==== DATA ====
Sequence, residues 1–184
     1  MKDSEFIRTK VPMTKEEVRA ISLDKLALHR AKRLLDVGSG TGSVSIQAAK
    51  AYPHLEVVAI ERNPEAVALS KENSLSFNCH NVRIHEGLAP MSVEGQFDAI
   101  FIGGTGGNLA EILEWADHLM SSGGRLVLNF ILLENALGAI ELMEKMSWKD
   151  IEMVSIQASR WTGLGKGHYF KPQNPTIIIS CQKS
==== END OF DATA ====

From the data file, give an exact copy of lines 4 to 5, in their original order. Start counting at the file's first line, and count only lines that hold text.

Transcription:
   101  FIGGTGGNLA EILEWADHLM SSGGRLVLNF ILLENALGAI ELMEKMSWKD
   151  IEMVSIQASR WTGLGKGHYF KPQNPTIIIS CQKS